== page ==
The Financial Accounting Standards Board (FASB) recently approved plans to further simplify the test public companies follow to assess goodwill for a drop in value. If the accounting amendment is finalized, it will be the second time since 2011 the board has changed the goodwill impairment test for public companies.
What is impairment testing?
Businesses that acquire other companies typically recognize the part of the purchase cost above the seller’s book value as goodwill. Goodwill is considered an intangible asset and includes things such as the value of the acquired company’s reputation or brand name. Under U.S. Generally Accepted Accounting Principles (GAAP), public companies currently aren’t allowed to amortize goodwill. Instead, they must test goodwill at least once a year for a drop in value.
Testing for impairment is currently a two-step process. In the first step, a reporting entity compares the fair value of its reporting units with their carrying value, including goodwill. If the carrying amount of a reporting unit is greater than its fair value, the company must take a second step and calculate the implied fair value of goodwill by performing a hypothetical application of the acquisition method — similar to the purchase price allocation that’s performed when a company is acquired — as of the date of the impairment test. Impairment equals the excess of the carrying amount of goodwill over its implied fair value.
This two-step process can be costly and complex. So, in 2011, the FASB adopted an optional qualitative impairment test as a screen for companies to assess whether it’s more likely than not that goodwill is impaired before performing the quantitative two-step impairment test. At the time, the FASB said this would remove some of the headaches associated with goodwill impairment testing. For many companies and auditors, however, the qualitative test wasn’t simple enough.
How does the FASB plan to further simplify the process?
In a memo to the board, FASB research staff stated, “Feedback indicates that users are more interested in the existence of an impairment than the amount.” So, on October 28, the FASB voted to start work on a project to eliminate the second step in the two-step impairment test.
Instead, a one-step impairment test would indicate whether there’s impairment, and the write-off would simply equal the amount by which the carrying value of a reporting unit exceeds its fair value. The FASB indicated that, if finalized, the rule would be applied prospectively.
How does the one-step test align with IFRS?
In addition to addressing complaints from business about the cost and relevance of the two-step process, the move to a one-step impairment test would bring U.S. GAAP closer to International Financial Reporting Standards (IFRS).
The current accounting guidance for business combinations in U.S. GAAP is substantially converged with IFRS. The main differences relate to the level at which the goodwill impairment test is performed and the number of steps included in the test. In September, the FASB said it wanted to keep the accounting rules aligned.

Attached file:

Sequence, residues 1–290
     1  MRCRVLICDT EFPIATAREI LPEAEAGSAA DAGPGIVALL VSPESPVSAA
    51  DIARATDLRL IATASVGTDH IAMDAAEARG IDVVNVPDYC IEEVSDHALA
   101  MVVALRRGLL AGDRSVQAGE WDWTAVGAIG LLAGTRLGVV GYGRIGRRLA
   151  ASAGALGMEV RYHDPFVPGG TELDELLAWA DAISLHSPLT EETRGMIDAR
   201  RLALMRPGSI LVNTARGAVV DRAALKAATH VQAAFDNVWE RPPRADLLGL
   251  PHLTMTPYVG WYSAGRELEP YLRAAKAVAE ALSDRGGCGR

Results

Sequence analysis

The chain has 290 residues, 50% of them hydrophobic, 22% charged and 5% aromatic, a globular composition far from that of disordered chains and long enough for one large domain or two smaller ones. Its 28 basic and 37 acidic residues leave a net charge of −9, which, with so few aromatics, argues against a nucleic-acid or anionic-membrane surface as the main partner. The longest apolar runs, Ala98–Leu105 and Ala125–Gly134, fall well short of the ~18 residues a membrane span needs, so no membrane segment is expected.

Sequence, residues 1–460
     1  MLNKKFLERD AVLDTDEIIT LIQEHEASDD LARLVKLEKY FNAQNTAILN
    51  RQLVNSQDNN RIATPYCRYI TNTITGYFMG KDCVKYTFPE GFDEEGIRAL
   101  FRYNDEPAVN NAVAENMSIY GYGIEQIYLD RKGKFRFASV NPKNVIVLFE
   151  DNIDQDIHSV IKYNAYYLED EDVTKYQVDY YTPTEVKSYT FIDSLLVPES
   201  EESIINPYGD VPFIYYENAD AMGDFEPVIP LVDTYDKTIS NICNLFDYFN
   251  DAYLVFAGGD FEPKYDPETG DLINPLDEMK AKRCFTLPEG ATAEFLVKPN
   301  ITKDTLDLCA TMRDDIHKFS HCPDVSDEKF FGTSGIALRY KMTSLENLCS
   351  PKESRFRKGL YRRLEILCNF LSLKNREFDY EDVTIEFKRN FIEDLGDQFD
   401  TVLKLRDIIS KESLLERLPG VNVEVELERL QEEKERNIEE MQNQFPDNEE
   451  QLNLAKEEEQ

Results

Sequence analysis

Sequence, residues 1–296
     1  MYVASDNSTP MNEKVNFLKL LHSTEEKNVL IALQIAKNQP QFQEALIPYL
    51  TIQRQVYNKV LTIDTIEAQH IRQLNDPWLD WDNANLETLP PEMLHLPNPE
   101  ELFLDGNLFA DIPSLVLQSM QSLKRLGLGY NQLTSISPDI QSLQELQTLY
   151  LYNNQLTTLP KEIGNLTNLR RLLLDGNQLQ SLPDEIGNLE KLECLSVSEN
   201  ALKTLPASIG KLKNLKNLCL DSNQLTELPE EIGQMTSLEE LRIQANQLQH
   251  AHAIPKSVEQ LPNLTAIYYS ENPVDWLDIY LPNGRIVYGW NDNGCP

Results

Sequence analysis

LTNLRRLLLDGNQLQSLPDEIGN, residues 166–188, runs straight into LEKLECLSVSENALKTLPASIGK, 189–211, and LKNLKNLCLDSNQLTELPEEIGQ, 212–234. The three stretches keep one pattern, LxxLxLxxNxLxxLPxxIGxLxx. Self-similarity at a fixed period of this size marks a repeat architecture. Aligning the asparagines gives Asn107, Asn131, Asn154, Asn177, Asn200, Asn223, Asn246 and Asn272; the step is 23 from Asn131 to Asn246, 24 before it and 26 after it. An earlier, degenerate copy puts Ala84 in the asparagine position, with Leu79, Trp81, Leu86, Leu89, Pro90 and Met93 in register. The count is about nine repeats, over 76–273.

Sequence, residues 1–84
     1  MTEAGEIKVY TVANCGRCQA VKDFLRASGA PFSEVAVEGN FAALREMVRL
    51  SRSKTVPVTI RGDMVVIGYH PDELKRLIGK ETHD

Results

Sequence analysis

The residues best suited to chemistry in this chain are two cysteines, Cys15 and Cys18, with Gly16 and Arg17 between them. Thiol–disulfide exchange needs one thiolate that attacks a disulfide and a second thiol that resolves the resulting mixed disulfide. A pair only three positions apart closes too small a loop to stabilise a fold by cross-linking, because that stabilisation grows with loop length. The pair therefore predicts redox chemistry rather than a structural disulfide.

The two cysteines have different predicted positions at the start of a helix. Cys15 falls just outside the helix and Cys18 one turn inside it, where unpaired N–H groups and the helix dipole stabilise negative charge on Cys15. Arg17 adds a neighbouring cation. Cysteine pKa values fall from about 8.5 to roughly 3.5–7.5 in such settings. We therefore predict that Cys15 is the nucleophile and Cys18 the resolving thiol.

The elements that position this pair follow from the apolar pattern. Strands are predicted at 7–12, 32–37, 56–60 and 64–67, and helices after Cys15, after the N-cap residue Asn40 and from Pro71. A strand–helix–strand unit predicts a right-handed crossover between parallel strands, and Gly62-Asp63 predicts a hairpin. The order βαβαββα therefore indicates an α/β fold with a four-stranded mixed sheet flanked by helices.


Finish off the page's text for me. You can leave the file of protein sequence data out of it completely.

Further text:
The board also said it wanted to work with the International Accounting Standards Board on an effort to improve accounting for customer-related intangible assets, such as customer lists and order backlog. But some board members said they saw no need to change existing U.S. GAAP for acquired intangible assets because public businesses haven’t complained much about the process.
In the meantime, the FASB instructed its research staff to find out more about the differences between domestic and foreign investors when they assess a company’s acquired intangible assets.
Will the FASB allow public companies to amortize goodwill?
In 2014, the FASB published a simplification for private companies that have goodwill on their balance sheets. Accounting Standards Update No. 2014-02, Intangibles — Goodwill and Other (Topic 350), Accounting for Goodwill (a consensus of the Private Company Council), lets private companies amortize goodwill for up to 10 years.
The accounting alternative also simplifies the test private businesses have to perform to determine whether the goodwill has lost value. Instead of automatically testing for impairment every year, private companies test only when there’s a “triggering event,” meaning the company has evidence that the fair value of the acquired business is less than the carrying amount on the balance sheet.
Public companies had hoped that this option would be extended to them. However, instead of pursuing a similar alternative for public companies, the FASB favors implementing a one-step goodwill impairment test. So, if the accounting amendment is finalized, public companies will still need to calculate the value of each reporting unit annually and incur write-offs on an “as-needed” basis.
When is a proposal expected?
This project is still in the initial deliberations phase. In the coming months, FASB staff will conduct additional research on goodwill testing. No publication date has been announced yet for the FASB to issue an exposure draft.